What is coming down the pipeline?

Like all investment managers, we are currently receiving around two to three 80 to 100 page pre-IPO research pieces a week, couriered to my desk by the sponsoring investment banks with a range of arguments of why we invest our clients' capital. Looking out over the next 12 months the IPO pipeline looks pretty full, with Medibank and share registry company Link Market Services being the two biggest companies that are expected to list over the next 12 months.

In looking at the above four key factors we would expect to have a very close look at Medibank. Typically when the government is the vendor of the IPO, they have an incentive to price the new issue to allow it to perform well after listing, as this is positive for retail investors (and voters!). Moreover private health insurance is an easily understood and profitable business. We would also expect that under private management, Medibank Private should be able to raise profits in the near term by reducing the higher cost base normally carried by state owned enterprises.

Disclaimer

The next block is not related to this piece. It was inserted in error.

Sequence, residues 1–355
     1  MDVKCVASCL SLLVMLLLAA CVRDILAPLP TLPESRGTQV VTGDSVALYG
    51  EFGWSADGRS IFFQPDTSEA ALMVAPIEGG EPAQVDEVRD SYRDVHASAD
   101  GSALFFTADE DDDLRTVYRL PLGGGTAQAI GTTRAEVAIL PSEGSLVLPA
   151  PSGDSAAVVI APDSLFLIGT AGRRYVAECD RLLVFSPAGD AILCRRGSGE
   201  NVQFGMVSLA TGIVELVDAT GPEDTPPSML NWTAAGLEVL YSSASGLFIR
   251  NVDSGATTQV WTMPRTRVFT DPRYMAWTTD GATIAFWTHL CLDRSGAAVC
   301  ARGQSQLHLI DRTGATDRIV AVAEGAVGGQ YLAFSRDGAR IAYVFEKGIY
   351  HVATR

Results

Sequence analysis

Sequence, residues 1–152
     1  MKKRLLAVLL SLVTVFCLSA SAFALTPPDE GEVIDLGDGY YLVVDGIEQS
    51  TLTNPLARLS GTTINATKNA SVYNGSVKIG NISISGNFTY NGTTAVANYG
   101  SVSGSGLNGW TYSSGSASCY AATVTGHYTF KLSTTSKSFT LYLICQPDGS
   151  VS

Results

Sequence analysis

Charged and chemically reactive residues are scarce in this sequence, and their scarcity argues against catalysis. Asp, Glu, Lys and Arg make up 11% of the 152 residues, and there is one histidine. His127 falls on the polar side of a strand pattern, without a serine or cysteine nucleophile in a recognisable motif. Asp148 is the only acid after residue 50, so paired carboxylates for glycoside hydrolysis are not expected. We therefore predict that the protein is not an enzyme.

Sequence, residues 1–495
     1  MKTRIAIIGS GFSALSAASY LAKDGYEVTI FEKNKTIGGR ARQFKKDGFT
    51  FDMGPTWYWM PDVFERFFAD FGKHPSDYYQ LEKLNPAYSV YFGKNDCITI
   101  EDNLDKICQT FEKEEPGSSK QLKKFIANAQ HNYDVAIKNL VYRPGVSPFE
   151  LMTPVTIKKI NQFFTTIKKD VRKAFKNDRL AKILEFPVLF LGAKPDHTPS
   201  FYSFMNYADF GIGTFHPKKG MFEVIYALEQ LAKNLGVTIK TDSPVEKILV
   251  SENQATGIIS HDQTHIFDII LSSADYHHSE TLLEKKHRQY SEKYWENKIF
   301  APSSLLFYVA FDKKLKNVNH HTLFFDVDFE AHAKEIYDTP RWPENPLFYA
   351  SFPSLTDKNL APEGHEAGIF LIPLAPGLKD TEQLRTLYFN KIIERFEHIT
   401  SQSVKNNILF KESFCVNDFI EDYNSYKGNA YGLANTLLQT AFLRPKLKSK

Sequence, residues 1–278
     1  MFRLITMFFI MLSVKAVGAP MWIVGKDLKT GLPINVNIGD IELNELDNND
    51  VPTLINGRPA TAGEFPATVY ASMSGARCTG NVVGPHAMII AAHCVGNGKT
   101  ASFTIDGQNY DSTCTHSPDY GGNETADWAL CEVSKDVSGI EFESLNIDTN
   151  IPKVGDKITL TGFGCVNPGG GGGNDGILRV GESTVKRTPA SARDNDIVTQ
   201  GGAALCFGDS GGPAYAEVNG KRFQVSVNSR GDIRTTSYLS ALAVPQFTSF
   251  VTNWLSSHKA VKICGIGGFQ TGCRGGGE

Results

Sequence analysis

This article has been prepared by Philo Capital Advisers Pty Ltd ABN 70 119 185 974 AFSL 301808 (Philo) and contains general investment advice only. The information in this article does not take account of your objectives, financial situation or needs or those of your client. Before acting on this information readers should consider whether it is appropriate to their situation. We recommend obtaining financial, legal and taxation advice before making any financial investment decision. To the extent permitted by law, neither Philo nor any of its related entities accepts any responsibility for errors or misstatements of any nature, irrespective of how these may arise, nor will it be liable for any loss or damage suffered as a result of any reliance on the information included in this article. The information in this article is based on information obtained from sources believed to be reliable and accurate at the time of publication but we do not make any representation or warranty that it is accurate, complete or up to date. We accept no obligation to correct or update the information or opinions in it. Opinions expressed are subject to change without notice. Past performance is not a reliable indicator of future performance. Any forecasts included in this article are predictive in character and may be affected by incorrect assumptions or by known or unknown risks and uncertainties. Nothing in this article shall be construed as a solicitation to make a financial investment.